The Case

The referral from IPEC concerns a dispute between the Beverly Hills Teddy Bear Company and PMS International Group Plc (the latter of which already has some notable contributions to the body of Community designs case law here and here). Beverly claims infringement of unregistered community design right in a collection of soft toys known as “Squeezeamals”, which were first disclosed at a trade fair in Hong Kong, and some months later at a similar even in Nuremberg.

Both parties agree that the Hong Kong disclosure would have become known in the EU. Beverly argues that their toys are therefore protected under Article 11 CDR from the date of the Hong Kong disclosure. PMS argues that the toys are only protected from the date of the Nuremberg disclosure, and that consequently the Hong Kong disclosure is novelty-destroying prior art. In response, Beverly argues it is unfair that a disclosure can become known in the EU for the purpose of forming part of the prior art but not give rise to unregistered protection, and further proposes a “split date” in which protection comes into being from the date of the Nuremberg disclosure, but for which the prior art is assessed based on the Hong Kong disclosure. The CJEU has therefore been asked to clarify, in respect of unregistered designs, whether the first worldwide disclosure of the design must take place in the EU and which date should be used for determining the validity of an unregistered design.

Effect on Brexit

The outcome of the referral will be of significant interest to UK designers who, depending upon the evolving political picture in the UK, can expect to find themselves outside of the Community designs regime in the near future. Following Brexit, a new “supplementary unregistered design” right will be created mirroring the current unregistered Community design, but with effect only in the UK. The UK Intellectual Property Office (UKIPO) has published guidance on the new supplementary unregistered designs, which states that these new rights will only come into effect for designs that are first disclosed in either the UK or a small number of qualifying territories, but at present the EU is not included within such qualifying territories. Interestingly, the list of qualifying territories includes Hong Kong, and so Beverly may not have found itself in its current predicament post-Brexit insofar as UK supplementary unregistered design right is concerned.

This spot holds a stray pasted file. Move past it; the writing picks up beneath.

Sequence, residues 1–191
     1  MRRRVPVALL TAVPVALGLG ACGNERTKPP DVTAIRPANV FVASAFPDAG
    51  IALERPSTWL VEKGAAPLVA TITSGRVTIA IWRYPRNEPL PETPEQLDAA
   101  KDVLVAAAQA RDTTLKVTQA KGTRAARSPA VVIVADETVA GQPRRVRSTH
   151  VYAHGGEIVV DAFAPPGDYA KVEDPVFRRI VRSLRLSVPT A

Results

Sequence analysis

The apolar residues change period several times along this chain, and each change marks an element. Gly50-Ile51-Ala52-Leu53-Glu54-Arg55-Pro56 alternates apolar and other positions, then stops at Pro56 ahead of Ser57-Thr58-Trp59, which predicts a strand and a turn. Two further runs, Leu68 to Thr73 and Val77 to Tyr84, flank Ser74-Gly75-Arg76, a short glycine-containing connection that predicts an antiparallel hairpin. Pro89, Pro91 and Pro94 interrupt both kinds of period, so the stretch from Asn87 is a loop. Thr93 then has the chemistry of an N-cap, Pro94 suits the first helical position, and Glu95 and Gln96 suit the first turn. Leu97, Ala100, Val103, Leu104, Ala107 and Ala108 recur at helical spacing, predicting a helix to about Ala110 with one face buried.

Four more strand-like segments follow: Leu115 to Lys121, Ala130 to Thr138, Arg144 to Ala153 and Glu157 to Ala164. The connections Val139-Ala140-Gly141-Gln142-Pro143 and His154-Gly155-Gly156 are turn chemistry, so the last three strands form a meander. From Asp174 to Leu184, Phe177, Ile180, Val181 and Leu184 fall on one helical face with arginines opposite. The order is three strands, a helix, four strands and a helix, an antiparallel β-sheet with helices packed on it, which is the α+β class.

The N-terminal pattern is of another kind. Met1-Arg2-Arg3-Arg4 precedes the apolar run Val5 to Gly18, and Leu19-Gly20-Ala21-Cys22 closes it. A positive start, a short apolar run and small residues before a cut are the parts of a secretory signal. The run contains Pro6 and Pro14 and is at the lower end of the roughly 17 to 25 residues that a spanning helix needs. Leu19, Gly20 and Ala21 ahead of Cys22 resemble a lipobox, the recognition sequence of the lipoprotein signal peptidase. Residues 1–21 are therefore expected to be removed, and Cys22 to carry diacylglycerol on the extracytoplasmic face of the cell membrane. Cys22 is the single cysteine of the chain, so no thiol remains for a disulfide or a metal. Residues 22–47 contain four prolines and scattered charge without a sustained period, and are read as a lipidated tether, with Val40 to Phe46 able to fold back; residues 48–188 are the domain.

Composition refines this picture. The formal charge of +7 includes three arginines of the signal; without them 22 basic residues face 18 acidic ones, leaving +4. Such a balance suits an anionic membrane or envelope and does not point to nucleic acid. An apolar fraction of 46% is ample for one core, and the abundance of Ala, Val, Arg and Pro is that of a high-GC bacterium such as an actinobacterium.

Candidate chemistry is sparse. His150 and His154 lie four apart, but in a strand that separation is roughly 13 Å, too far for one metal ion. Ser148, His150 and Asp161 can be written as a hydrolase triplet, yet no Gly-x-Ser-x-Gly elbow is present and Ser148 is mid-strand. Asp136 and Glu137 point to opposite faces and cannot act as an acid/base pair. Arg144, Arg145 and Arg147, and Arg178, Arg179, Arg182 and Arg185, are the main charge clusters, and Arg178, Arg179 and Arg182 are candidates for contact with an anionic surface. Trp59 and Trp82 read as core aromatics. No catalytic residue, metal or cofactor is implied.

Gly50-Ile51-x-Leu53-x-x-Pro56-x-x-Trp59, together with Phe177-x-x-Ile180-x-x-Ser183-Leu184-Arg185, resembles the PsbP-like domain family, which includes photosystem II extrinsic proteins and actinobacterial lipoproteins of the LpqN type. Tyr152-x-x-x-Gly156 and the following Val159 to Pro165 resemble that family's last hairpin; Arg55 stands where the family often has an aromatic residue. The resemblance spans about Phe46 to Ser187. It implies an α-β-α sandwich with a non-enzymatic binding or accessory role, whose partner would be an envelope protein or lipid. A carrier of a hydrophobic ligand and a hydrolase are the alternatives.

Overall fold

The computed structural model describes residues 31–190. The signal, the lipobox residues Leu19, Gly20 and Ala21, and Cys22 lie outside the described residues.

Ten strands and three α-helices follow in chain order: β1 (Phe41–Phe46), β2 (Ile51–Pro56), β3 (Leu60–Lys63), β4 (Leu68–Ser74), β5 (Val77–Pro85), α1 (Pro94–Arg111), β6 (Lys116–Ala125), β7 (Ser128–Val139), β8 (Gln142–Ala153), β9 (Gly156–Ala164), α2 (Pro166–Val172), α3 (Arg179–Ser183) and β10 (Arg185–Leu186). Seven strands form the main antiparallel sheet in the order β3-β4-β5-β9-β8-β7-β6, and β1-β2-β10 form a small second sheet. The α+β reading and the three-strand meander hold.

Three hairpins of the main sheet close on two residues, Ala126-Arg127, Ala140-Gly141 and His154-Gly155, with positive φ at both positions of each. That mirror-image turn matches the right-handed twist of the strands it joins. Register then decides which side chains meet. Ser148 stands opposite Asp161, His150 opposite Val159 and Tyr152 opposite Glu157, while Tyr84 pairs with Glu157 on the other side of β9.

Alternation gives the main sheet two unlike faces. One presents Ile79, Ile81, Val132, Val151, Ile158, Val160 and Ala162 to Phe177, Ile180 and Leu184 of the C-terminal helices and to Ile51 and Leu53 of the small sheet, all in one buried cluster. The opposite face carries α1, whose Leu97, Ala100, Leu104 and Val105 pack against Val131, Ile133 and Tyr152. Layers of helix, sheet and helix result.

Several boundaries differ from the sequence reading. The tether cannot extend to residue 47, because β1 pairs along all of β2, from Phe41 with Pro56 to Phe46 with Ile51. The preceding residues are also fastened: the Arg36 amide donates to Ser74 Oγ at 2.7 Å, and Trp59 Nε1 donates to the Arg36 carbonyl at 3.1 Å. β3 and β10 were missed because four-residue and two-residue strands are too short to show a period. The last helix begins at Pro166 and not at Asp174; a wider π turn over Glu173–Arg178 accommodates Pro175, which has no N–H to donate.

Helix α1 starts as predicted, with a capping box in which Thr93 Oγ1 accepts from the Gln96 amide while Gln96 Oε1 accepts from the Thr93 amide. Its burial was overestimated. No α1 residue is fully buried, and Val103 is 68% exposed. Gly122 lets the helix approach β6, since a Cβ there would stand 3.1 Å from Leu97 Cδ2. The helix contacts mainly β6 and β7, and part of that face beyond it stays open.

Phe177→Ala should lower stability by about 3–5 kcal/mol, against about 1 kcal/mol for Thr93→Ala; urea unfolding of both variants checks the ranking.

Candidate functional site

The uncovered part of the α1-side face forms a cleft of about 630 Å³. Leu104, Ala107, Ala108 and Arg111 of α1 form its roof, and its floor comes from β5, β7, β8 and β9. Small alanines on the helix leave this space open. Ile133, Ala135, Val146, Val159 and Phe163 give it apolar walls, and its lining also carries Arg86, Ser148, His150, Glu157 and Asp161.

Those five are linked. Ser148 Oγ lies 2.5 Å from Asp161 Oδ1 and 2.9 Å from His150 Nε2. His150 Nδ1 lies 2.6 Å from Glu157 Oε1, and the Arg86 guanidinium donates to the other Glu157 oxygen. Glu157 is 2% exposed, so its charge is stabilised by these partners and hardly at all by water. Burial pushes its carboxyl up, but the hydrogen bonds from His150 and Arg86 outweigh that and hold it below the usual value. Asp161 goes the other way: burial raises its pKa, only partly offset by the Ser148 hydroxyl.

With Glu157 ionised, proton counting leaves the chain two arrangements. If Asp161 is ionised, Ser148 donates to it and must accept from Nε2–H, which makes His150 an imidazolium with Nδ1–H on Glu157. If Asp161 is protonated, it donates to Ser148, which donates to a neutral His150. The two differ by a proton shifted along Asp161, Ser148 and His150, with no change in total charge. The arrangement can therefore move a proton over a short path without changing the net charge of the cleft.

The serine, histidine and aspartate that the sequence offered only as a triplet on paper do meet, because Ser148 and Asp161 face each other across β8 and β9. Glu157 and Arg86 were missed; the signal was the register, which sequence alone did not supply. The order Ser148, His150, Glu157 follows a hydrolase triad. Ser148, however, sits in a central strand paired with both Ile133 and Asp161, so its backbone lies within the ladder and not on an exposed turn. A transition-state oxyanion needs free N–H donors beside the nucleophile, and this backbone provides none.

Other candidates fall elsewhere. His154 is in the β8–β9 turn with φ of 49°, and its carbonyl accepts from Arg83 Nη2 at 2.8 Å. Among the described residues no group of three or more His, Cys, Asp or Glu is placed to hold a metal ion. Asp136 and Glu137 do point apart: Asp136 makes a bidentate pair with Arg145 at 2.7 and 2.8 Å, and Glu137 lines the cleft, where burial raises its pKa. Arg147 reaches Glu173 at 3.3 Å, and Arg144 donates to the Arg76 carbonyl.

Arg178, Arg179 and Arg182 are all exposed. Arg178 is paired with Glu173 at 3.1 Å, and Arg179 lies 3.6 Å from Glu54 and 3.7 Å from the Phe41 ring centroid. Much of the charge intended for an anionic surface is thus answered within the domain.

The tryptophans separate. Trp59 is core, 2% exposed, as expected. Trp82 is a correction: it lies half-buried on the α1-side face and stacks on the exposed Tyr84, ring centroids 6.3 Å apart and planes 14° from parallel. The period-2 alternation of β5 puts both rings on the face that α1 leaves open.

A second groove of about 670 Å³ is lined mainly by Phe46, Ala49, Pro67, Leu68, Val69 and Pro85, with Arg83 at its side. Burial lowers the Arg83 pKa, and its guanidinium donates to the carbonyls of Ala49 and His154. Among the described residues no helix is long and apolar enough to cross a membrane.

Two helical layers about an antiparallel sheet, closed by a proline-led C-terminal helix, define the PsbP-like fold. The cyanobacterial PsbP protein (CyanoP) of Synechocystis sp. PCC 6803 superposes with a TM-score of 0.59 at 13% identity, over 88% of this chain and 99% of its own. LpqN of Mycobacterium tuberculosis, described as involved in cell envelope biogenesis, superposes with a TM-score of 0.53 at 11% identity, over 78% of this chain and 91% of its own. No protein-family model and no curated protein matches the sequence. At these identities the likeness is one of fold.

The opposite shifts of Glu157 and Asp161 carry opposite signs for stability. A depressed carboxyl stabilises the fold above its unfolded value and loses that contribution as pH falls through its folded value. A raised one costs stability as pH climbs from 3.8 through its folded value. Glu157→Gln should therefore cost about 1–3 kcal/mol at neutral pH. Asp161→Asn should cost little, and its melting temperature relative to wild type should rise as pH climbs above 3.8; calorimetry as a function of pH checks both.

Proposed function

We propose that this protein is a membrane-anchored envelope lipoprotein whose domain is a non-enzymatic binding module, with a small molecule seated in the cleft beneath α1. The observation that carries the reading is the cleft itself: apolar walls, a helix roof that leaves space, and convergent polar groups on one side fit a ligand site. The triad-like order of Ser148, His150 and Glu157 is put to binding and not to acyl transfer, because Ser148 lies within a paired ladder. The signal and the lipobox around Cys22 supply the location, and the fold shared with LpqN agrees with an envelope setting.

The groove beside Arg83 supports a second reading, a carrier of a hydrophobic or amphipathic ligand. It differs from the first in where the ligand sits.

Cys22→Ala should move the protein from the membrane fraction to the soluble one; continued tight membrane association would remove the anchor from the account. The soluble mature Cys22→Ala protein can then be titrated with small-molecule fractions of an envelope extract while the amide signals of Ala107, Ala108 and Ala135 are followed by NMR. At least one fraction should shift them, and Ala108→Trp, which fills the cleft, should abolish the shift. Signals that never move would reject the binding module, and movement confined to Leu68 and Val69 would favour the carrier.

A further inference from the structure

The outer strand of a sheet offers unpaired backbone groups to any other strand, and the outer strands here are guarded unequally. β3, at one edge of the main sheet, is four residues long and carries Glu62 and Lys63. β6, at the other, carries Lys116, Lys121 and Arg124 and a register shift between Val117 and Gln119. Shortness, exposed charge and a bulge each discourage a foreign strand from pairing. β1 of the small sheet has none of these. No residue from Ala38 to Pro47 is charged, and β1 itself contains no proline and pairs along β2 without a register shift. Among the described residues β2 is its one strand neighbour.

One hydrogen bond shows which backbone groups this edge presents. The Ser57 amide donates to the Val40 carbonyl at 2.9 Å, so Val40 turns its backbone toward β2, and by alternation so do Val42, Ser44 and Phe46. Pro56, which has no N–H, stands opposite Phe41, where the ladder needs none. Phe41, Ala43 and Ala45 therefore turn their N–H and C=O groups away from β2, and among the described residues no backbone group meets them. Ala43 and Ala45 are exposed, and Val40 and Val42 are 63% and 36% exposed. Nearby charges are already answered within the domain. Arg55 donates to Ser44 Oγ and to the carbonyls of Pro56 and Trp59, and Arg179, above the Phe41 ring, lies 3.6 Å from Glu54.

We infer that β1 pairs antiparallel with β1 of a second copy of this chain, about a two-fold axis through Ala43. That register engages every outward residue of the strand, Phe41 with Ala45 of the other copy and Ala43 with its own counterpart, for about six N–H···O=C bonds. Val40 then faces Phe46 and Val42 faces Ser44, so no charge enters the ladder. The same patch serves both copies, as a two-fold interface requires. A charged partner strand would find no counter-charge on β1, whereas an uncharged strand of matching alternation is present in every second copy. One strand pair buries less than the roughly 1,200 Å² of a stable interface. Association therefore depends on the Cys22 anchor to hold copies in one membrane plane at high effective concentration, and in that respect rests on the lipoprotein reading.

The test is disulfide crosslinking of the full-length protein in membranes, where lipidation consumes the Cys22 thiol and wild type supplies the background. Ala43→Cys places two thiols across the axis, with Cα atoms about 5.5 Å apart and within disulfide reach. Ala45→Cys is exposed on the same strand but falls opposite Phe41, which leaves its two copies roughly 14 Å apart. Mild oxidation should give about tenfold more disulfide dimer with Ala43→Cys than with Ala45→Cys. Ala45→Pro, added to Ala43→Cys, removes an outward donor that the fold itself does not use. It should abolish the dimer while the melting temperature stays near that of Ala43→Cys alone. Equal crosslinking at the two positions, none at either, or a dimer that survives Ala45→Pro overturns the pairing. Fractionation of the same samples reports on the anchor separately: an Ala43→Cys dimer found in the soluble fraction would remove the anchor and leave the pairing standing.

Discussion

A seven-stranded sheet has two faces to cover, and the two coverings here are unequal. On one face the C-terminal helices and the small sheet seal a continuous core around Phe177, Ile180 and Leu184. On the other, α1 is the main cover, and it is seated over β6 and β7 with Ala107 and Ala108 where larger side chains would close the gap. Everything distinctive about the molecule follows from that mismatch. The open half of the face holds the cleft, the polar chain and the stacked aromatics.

The UKIPO’s position appears to be based on the theory that the corresponding EU right requires first disclosure in the EU, and consequently it would not be beneficial for the UK to extend protection to designs first disclosed in the EU without some form of reciprocal agreement. It will be interesting to see whether the UKIPO will amend their advice if the CJEU decides that first disclosure is not required in the EU.


If the CJEU decides that first disclosure must occur in the territory of the EU this is potentially bad news for UK designers, who will need to carefully consider how best to disclose their designs to give rise to both the EU and UK unregistered rights post-Brexit. Furthermore, this could have an effect on the willingness of EU designers to first disclose their products at UK events, and may see the UK taking a diminished role as a venue for launching products in consumer goods or design-led sectors. However, if first disclosure in the EU is not required to initiate unregistered protection, for many industries it will be “business as usual” post Brexit. Furthermore, from a public policy perspective, a decision in Beverly’s favour would effectively remove the need for an official reciprocal arrangement between the UK and EU regarding unregistered designs in the future. The CJEU’s decision will therefore have a significant impact on unregistered design protection in the UK and the EU post-Brexit.